Weekly Quiz – Week 4

This week we reach the half-way point of our eight-week club quiz, with another 10 questions to test your Highway Code and Roadcraft knowledge. We hope you are enjoying the quiz and are keeping safe and well during the current lockdown.

Here are the 10 questions for this week – Good Luck.

Highway Code

  1. What is the speed limit for a car derived van with 2.0 tonne mlw on a motorway.
  2. Given the average car length of 4.0 metres (13 feet) how many car lengths does the H/C suggest it takes to typically stop when travelling at 70mph?
  3. The H/C suggests that you do not cross a hazard line unless what?
  4. When can you use the middle lane on a three-lane single carriageway?
  5. From 20 May 2018, cars may be exempt from requiring an MOT provided that they have been manufactured and registered how many years?


  1. When does a skid develop?
  2. What two regular checks can you carry out to reduce the risk of skidding?
  3. What factors determine your vehicle’s to corner? Roadcraft lists six.
  4. As you join a motorway, the approach road has two lanes. If you decide to use the outer lane, what should you avoid doing?
  5. What factors might make you unsafe to drive? Roadcraft identifies seven.

Answers to last week’s questions (Week 3)

*Ref:  www.gov.uk Highway Code updated 2019
**Ref: Roadcraft: The Polce Driver’s Handbook 2013 edition

Highway Code

  1. A triangular sign show half a car travelling toward with chippings flying up from the tyre*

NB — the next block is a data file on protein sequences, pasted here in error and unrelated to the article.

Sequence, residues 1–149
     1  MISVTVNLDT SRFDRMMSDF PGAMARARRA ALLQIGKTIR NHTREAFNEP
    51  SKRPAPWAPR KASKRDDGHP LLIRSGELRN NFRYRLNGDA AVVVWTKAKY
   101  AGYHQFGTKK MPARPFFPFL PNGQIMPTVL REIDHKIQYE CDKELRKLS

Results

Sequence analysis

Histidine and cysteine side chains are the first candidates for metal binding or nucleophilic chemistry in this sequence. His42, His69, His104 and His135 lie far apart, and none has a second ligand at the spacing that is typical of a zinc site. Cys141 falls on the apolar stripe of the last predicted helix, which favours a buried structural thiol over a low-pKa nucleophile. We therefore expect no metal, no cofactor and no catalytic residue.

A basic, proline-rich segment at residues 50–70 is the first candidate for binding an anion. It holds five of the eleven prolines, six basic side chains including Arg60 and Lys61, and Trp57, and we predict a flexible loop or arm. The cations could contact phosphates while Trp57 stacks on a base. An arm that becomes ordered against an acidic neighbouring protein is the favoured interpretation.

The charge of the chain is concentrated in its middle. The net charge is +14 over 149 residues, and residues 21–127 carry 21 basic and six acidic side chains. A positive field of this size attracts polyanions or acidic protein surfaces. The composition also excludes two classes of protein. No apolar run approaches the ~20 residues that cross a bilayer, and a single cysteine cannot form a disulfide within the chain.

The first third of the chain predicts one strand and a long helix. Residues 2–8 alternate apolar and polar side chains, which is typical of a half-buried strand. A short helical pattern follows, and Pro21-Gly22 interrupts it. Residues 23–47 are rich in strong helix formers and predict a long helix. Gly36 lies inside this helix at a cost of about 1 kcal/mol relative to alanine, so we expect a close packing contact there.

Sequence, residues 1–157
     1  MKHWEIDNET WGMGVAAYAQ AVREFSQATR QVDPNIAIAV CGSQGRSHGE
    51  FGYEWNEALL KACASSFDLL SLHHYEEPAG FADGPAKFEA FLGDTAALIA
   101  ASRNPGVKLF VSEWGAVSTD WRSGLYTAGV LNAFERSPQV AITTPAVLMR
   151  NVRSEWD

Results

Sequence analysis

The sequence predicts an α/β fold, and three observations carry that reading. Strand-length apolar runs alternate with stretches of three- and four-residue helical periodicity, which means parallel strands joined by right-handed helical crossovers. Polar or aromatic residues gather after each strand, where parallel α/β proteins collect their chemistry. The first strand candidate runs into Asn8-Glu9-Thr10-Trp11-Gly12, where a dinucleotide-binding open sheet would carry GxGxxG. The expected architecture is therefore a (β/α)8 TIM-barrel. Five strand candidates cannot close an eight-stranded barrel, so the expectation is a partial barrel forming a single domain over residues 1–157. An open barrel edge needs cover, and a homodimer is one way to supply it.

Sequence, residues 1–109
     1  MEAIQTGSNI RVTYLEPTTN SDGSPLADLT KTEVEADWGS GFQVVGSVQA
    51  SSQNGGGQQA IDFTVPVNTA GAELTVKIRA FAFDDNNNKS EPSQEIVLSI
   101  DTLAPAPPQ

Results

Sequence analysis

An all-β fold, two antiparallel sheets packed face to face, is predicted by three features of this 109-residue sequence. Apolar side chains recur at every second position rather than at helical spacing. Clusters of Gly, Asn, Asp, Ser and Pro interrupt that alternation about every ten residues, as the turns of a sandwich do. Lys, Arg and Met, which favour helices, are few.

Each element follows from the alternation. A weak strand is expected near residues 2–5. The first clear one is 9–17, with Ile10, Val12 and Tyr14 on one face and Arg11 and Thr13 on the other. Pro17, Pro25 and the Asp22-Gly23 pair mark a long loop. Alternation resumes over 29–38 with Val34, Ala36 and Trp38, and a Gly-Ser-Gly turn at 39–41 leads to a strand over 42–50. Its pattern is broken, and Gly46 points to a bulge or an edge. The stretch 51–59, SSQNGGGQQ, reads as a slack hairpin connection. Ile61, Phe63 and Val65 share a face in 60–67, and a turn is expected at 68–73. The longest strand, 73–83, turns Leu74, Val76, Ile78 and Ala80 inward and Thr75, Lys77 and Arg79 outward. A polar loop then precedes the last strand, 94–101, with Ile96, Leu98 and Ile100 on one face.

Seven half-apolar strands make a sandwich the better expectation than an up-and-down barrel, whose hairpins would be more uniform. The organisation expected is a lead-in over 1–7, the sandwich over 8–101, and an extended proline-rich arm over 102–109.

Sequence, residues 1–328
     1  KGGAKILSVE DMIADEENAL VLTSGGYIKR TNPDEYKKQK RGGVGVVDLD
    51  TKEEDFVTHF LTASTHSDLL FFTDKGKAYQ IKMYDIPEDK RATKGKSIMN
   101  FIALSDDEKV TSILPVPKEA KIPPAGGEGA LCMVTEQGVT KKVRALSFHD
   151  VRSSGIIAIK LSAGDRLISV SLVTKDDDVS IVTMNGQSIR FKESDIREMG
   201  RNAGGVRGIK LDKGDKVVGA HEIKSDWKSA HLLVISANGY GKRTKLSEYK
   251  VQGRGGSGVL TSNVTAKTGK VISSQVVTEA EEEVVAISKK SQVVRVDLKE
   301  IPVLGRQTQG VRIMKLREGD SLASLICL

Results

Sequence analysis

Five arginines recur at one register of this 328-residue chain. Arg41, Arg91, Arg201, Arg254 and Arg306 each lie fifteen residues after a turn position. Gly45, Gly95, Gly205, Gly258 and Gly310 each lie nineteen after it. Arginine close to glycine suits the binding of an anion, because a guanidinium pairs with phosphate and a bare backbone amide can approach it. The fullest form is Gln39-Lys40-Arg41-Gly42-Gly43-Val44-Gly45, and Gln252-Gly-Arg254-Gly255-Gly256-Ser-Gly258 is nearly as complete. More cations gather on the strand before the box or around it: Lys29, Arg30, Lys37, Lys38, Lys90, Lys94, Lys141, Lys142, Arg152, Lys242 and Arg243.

2. The Toucan crossing allows cyclists and pedestrians to share the crossing space and cross at the same time. Pedestrians and cyclists will see a green signal together and cyclists are permitted to ride across. (Rule 25)*
  3. Check with your doctor or pharmacist and do not drive if you are advised that you may be impaired. (Rule 96)*
  4. 50 metres (162 feet) (Rule 99)*
  5. Dazzle or cause discomfort to other road users including pedestrians, cyclists and horse riders. (Rule 114)*


  1. To make larger changes of direction (Roadcraft page 113)**
    • On a left hand bend it increases the effect of your steering because the road slopes down in the direction of your turn.
    • On a right hand bend it reduces the effect of steering because the road slopes away from the direction of your turn.
    • Superelevation is where the whole width of the road is banked up towards the outside edge of the bend, making the slope favourable for cornering in both directions(Roadcraft page 17)**
  2. On a dry and well-made road surface, allow two seconds from the vehicle in front – “Only a fool breaks the two second rule”. In the wet, this should be increased to four seconds; in snow and ice allow twenty (Roadcraft page 109)**
  3. Never drive so fast that you cannot stop safely within the distance you can see to be clear on your own side of the road. (Roadcraft page 106)**
    • The limit point is the furthest point to which you have an uninterrupted view of the road surface.
    • It gives a systematic way of judging the correct speed to use through the bend.

Remember, that limit points can be vertical as well as horizontal; they exist on the approach to hidden dips and hill crests as well as to bends and junctions.(Roadcraft page 172)**